I had barely drifted into sleep land Thursday when the barking began. Not an occasional yip. A persistent deep-throated arf with only a very occasional pause. How animal vocal capacity could sustain this woof was beyond hard to fathom. My irritation grew steadily into frustration which soon escalated to outrage. After an hour I figured if slumber was to be denied, perhaps practice was called for. I began to doggedly include the barking.
Buddhism 101 enumerates three torments of the heart, three poisons that create human suffering:
- We want good stuff. In fact sometimes we crave as much as we can get. We grab anything pleasurable and greedily hold it close. More is better, right?
- We don’t want bad stuff. We can become more and more skilled at pushing away what pains us, turning away from ugliness and, if it bothers us enough, lashing out in hatred.
- We don’t care about stuff that doesn’t directly affect us. We can be indifferent, intolerant, ignorant and head-in-the-sand.
Why do we do all this stuff? It’s so basic: we can’t believe we’re not permanently here. All this grabbing, pushing and ignoring guard against considering our demise, keep us from feeling into our inevitable disappearance. Mortality sucks. These three strategies work as viable short term solutions to not feeling how fleeting life is. They’re so convoluted though and tend to keep us enslaved to our own self-centeredness. What’s a human to do? It’s hard out there. Who wants to suffer?
I don’t want the bad stuff either. But instead of spending my limited energy lashing out at Mr. Dog, I just stayed still and included him. Did I sleep? No. But I wasn’t all worked up about the situation. I could breathe and feel and rest in this practice of inclusion. This is a workable possibility when we are stuck in that place of not wanting the bad stuff. Inclusion can eventually deliver us to compassion. Sometimes.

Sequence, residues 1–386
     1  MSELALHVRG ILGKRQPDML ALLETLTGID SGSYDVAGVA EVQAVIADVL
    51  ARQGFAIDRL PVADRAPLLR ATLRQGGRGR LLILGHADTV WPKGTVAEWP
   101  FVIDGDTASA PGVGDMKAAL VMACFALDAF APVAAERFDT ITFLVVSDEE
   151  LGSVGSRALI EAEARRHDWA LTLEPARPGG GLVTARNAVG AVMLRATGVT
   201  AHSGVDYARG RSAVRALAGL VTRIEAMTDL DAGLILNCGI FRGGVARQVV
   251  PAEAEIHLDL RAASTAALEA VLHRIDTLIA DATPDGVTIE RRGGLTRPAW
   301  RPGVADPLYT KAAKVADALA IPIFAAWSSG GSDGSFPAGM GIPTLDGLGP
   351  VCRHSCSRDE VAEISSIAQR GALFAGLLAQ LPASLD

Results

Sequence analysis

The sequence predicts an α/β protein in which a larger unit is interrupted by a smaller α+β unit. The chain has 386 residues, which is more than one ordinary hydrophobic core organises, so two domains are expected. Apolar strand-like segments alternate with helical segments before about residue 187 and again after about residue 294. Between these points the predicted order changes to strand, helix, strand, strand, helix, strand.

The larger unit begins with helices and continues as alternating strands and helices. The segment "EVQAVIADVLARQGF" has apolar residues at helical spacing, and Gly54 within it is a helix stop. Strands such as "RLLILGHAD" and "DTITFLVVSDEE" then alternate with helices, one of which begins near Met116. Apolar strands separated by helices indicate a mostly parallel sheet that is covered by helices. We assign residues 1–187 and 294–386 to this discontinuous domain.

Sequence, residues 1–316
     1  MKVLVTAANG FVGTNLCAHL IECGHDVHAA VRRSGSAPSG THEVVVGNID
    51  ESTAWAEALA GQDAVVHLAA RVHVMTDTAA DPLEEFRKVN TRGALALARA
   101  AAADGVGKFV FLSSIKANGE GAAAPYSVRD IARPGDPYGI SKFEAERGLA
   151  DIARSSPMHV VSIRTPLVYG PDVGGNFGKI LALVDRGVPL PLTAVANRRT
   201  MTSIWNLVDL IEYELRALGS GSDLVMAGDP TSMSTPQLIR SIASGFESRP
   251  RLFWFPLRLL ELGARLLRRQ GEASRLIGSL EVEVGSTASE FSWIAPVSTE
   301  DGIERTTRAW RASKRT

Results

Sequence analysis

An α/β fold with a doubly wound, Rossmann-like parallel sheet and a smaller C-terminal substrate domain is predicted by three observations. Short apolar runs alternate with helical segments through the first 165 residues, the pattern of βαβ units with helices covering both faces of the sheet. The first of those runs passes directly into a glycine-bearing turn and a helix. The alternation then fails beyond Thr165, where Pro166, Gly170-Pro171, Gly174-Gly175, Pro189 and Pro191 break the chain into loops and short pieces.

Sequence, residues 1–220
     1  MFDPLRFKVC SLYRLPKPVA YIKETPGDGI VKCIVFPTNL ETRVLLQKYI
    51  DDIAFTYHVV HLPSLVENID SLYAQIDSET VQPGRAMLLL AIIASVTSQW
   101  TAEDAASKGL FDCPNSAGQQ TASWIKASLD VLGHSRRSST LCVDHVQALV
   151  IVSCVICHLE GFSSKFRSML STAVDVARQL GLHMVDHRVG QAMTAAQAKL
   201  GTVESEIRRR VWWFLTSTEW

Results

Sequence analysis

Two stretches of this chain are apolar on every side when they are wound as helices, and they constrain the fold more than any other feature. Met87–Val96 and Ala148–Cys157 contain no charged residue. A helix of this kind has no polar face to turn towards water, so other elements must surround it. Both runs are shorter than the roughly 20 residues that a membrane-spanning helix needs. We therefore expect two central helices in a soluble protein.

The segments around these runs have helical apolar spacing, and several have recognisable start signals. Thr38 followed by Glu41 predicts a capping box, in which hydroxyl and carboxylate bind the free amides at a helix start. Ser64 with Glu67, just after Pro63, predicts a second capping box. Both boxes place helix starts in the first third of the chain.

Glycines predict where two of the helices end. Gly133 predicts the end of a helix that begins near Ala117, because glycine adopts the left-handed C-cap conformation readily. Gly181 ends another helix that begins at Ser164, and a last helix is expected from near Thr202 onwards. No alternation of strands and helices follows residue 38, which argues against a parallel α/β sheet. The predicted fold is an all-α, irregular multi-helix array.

Well of course there are antidotes to that greedy place and that not caring place as well but this not wanting the bad stuff place was just not done with me yet. After the night was over and morning had finally arrived, I climbed the stairs to my studio to Zoom teach Essentials. As the door opened I was greeted by the piercing screech of the smoke alarm, programmed to emit a warning every 15 seconds. It’s a longer story of why I could not get it to cease until class was over. But it is a very short story of what I made of this ridiculous situation.
How obvious could it be that great spirit was not done with this survival lesson about how to embrace it all. I had spent the night practicing but apparently there was still more to learn. I just returned to the breathe-feel -rest place, introduced students to our smoke alarm companion and carried on. We dove into a class that was about way more than the upper cervical spine. By the end of ninety minutes I barely noticed the sound.
Polarization is a fact of current life. Color, gender, sexual orientation, religion, financial status…each can be construed to divide us. Practicing exclusivity is what transforms all these human variations into hate.
“We have everything we need to make the present moment the happiest in our life, even if we have a cold or a headache. We don’t have to wait until we get over our cold to be happy. Having a cold is a part of life.”
Thich Nhat Hanh
Practicing inclusivity is a moment by moment choice. Often not an easy one. Let’s practice……❤️Bella